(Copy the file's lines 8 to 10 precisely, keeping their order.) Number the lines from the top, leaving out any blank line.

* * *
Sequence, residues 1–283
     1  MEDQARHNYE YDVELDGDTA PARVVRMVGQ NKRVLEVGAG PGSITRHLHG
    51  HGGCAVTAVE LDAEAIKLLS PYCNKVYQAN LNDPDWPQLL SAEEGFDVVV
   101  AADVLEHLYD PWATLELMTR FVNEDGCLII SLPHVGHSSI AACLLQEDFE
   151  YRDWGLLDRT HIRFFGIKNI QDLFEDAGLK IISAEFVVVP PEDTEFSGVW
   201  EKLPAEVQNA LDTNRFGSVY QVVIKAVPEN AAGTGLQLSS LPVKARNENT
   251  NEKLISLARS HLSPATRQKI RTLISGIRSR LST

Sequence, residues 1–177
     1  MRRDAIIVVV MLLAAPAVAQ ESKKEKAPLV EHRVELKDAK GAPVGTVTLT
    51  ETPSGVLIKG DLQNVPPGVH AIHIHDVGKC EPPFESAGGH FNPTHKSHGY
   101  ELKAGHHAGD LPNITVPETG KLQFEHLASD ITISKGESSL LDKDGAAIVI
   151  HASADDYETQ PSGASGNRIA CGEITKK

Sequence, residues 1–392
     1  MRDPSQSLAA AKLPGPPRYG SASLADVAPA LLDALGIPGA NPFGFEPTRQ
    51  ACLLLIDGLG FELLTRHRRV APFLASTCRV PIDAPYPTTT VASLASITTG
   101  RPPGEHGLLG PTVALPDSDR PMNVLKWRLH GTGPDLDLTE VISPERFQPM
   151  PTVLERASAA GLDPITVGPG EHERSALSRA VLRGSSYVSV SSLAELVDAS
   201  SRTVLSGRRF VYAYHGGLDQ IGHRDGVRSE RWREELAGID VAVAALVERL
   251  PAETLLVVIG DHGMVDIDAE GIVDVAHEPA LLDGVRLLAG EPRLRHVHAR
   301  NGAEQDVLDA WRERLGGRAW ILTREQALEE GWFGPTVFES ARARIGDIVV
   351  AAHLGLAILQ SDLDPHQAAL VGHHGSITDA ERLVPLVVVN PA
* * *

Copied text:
Sequence, residues 1–177
     1  MRRDAIIVVV MLLAAPAVAQ ESKKEKAPLV EHRVELKDAK GAPVGTVTLT
    51  ETPSGVLIKG DLQNVPPGVH AIHIHDVGKC EPPFESAGGH FNPTHKSHGY